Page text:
For consumer goods, you can bring your account up to date, or “reinstate” the security agreement, by paying, within 20 days, the amount in arrears plus the seller’s or lender’s reasonable costs of seizure. If you reinstate the security agreement, you get the piano back. You can also pay the rest of your full debt to get the piano back.
But if you don’t pay the amount due in the seller’s notice within 20 days, the seller can either sell the piano or keep it.
If they sell the piano, they must use commercially reasonable means to get a reasonable price for it. This doesn’t mean they must advertise in every paper from here to Calgary, but they must use reasonable efforts to get a fair market price. After the sale, the seller must pay you any amount left over after they have been fully paid.
Four important points about seizures
- If you’ve paid at least two-thirds of the total price, a seller needs a court order before seizing the property.
- Sellers who seize property must give you a “notice of proposal” if they plan to keep it. You then have 15 days to give them a “notice of objection” if you don’t want them to keep the property, and they must then sell it.
- A seller who seizes and sells the property but doesn’t recover the full amount you owe, cannot sue you for the rest of what you owe (if the goods are consumer goods).
- From the sale money, the seller can keep the amount you owe, plus reasonable costs to seize, store and sell the property, but must then pay you (or in some cases, your other creditors) any money left over.
What is the difference between buying on credit and buying with a credit card?
Generally, when you buy goods with a credit card, the bank does not have a security interest, and it cannot seize the goods if you don’t make a credit-card payment. So if you buy a piano with your credit card, you own the piano at the time you buy it, but you owe the money plus interest to the credit-card company.
What law deals with credit cards?
BC’s Business Practices and Consumer Protection Act protects the public in two ways. The Act controls unsolicited credit cards—the ones sent to people who didn’t apply for them—and it also limits the responsibility of people whose cards are lost or stolen.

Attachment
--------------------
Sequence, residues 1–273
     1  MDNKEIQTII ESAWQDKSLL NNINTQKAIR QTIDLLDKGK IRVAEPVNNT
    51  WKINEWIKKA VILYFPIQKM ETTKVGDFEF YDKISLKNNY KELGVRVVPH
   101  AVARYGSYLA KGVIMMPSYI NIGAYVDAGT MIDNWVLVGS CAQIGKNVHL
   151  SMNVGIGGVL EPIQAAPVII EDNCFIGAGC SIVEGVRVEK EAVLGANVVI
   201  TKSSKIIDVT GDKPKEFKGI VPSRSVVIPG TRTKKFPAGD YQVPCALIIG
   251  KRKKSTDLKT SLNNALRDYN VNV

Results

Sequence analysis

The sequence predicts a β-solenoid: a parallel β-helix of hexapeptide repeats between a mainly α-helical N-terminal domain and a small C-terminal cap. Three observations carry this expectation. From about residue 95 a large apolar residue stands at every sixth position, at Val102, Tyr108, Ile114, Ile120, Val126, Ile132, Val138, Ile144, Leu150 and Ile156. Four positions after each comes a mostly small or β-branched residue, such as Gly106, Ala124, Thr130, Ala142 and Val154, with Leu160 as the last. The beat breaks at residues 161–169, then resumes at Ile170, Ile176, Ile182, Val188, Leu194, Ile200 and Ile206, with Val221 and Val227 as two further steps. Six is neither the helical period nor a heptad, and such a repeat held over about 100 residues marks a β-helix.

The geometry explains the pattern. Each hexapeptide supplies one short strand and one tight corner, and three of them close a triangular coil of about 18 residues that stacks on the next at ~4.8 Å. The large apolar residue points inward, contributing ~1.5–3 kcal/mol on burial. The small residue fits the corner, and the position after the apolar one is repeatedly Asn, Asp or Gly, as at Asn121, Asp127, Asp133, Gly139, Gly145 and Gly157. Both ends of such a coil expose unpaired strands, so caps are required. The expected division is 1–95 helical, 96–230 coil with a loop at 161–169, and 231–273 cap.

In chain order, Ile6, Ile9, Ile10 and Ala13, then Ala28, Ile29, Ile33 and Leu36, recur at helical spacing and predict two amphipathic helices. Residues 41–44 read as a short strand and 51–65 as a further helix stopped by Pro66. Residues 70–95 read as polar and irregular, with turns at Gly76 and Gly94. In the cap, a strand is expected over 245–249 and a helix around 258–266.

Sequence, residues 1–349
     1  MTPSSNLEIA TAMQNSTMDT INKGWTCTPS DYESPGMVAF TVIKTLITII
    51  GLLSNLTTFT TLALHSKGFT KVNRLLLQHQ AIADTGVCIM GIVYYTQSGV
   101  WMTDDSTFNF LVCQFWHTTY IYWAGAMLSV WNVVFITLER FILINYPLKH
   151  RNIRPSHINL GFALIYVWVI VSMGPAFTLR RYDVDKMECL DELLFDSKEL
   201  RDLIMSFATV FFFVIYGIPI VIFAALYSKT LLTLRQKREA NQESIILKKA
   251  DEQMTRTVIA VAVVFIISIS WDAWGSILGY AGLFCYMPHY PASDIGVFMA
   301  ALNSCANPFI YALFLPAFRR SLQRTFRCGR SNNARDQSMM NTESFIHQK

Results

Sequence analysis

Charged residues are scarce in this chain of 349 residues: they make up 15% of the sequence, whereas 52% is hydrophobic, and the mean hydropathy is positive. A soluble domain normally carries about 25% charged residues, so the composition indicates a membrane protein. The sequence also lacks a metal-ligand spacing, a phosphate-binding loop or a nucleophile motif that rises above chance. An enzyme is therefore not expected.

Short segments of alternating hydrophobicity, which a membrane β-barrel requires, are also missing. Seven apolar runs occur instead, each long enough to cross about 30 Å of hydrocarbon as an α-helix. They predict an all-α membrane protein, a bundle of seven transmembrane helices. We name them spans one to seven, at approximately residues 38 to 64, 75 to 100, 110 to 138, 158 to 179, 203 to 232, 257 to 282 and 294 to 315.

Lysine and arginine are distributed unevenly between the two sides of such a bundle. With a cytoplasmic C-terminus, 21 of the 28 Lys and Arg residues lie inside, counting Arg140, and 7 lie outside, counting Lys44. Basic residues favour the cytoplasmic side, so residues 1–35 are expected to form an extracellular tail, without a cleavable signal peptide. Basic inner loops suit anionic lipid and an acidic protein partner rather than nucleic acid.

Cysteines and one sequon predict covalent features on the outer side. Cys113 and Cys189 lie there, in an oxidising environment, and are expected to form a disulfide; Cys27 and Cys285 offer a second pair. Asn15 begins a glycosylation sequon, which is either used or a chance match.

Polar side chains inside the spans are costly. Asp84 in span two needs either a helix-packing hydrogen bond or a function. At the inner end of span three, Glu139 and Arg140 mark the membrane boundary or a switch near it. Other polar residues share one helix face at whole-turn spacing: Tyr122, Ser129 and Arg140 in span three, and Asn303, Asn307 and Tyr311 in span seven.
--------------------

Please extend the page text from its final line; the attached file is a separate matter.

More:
You don’t have to accept credit cards you never asked for
If you get this type of card, you don’t have to accept it, and if you don’t, you aren’t responsible for it. However, if you use an unsolicited credit card, you are telling the sender that you’re accepting it, and you’re then responsible for what you buy with it.
What happens if you lose your credit card or it’s stolen?
The Business Practices and Consumer Protection Act says that you don’t have to pay for anything bought with your lost or stolen credit card after you tell the card issuer, such as VISA or MasterCard, that it’s lost or stolen. You can tell the issuer by phone or by registered mail. If someone uses your card before you report it lost or stolen, the Act limits your liability to $50—even if your agreement with the credit card issuer says differently. In cases of theft, many card issuers don’t even charge the $50, in the interest of good customer relations.
What if you let someone use your credit card?
If you let someone use your card, then later change your mind and say they can’t use it, things are different. For example, say you give your card and personal identification number or PIN to a friend or relative to pay your bill at a bank machine. Later, without your authorization, that person uses your credit card and PIN to get cash advances from a bank machine. You’re responsible for this debt.
Bank and debit cards are treated differently from credit cards
Bank and debit cards aren’t covered by the Business Practices and Consumer Protection Act. So you’re not protected by the $50 limit if someone steals your bank or debit card and PIN and uses them to get money from your account.